From Leviticus 24 we learn that Aaron was to arrange the lamps before Jehovah continually, upon the pure candlestick. The light was to shine within the holy place, where it would show up the beautiful features of the candlestick, and also the workmanship and materials of the altar and the table, not to speak of the colours of the curtains and the veils. This shining has not to do with the testimony of God to the world, but speaks to us of how Christ serves in heaven to bring out in the lives of His saints His own beautiful features for the eye and pleasure of God.

Aaron had to dress the lamp from evening to morning, and had also "to arrange the lamps before Jehovah." The dressing of the lamps would involve the work of the snuffers, the removal of that which would hinder the shining of the light. Does not this speak of the care of Christ for His own? Sometimes His ways with us give pain, but every action is directed with perfect wisdom, and in infinite love, to remove from us things which hinder the expression of His own heavenly graces. Our circumstances and conditions of life are also watched over by the Minister of the true tabernacle, and often His arrangement of our place for shining does not suit us, but how blessed when we are content with His ordering, knowing that He knows best where to set us for the Father's glory. It is a great privilege to represent Christ before the world, but how blessed too the thought that the light was to shine "before Jehovah." What joy it must give to the Father to see the features of His own Son coming out in His saints, and to know that this is because of the present ministry of Christ.

Does not the dressing of the lamps "from evening to morning" tell of the constant and unwearied service of Christ in the presence of God during the night of His absence from this world? Men speak of "the dark ages," when there was little in the way of public testimony for God that men could take account of, but there was that which God could take notice of. Saints of God may fail, but there is no failure with the Minister of the sanctuary. Continually, during the long night, He has been serving God and working with the saints of God, so as to bring out the buds, the flowers and the fruit that were on the candlestick. Although the church failed in its collective witness, there have always been, through the care and watchfulness of Christ, individuals among the saints of God who have manifested divine life in its incipient features, as also its fragrance and mature fruits. It may be that the individual lamps can be applied to local assemblies, but where there was little knowledge of the truth of the assembly, and a very imperfect expression of what it is in God's mind, there have been isolated saints, and doubtless, too, small companies of saints, in whom the light shone for the glory of God.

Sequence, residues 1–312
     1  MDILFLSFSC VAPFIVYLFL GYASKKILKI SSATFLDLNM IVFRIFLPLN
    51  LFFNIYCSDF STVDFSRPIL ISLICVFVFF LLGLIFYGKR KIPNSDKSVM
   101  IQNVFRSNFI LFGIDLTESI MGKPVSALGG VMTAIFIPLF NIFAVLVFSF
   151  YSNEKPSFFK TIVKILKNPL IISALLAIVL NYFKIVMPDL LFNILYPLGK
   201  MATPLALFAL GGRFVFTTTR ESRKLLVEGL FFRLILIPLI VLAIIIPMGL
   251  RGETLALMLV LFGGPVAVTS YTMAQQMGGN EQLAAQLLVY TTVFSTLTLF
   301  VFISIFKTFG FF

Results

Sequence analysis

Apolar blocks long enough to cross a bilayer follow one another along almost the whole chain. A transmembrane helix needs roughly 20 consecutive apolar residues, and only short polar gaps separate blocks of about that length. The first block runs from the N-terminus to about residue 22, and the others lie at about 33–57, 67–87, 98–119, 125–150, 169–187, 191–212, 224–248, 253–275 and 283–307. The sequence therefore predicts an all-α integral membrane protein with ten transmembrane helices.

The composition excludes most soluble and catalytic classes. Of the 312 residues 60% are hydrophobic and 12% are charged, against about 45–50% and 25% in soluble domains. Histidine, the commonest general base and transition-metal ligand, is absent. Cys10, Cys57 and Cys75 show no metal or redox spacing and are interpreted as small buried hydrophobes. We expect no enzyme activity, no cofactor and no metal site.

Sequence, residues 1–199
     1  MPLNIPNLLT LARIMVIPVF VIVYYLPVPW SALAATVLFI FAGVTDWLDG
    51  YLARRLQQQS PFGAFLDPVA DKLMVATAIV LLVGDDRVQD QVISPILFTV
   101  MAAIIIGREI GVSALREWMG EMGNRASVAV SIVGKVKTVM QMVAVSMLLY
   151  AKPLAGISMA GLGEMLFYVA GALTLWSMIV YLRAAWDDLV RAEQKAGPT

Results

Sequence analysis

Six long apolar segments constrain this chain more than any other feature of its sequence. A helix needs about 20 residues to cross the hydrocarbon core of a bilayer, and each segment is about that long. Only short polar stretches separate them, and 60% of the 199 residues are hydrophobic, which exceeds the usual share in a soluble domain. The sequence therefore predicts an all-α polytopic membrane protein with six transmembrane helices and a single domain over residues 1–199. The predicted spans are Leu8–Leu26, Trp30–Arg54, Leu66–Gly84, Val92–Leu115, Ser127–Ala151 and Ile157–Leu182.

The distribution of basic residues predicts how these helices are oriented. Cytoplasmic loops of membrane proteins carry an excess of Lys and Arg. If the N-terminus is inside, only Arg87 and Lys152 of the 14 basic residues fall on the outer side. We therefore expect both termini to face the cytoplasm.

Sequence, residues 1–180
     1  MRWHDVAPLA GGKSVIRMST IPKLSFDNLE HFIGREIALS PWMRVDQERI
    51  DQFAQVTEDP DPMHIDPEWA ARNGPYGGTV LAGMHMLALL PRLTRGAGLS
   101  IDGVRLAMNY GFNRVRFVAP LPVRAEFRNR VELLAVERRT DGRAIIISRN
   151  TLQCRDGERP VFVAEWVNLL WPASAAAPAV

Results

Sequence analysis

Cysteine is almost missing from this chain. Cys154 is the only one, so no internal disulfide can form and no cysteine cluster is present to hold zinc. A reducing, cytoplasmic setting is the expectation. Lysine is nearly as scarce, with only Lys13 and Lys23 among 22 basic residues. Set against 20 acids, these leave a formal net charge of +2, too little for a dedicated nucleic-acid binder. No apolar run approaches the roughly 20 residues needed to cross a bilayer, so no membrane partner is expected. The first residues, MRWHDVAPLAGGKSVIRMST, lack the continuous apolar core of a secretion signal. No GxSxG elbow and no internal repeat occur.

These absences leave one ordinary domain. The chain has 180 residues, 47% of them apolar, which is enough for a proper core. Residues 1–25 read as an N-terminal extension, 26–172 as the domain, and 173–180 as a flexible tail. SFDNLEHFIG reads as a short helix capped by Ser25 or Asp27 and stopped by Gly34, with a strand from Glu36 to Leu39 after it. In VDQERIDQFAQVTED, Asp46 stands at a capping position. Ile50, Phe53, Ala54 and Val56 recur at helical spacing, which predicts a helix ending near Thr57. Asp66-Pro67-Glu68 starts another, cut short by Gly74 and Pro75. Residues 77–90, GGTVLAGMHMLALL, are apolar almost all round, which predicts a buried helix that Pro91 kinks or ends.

It appears from Leviticus 24 that initially the loaves were set "upon the pure table before the Lord" by Moses, but afterwards the service belonged to the high priest, even as it is recorded, "Every sabbath he shall set it in order before the Lord continually." The twelve loaves surely represent the twelve tribes of Israel, and the fact that they were placed upon the table each sabbath would confirm that God will never forget His ancient people Israel. In His public dealings with Israel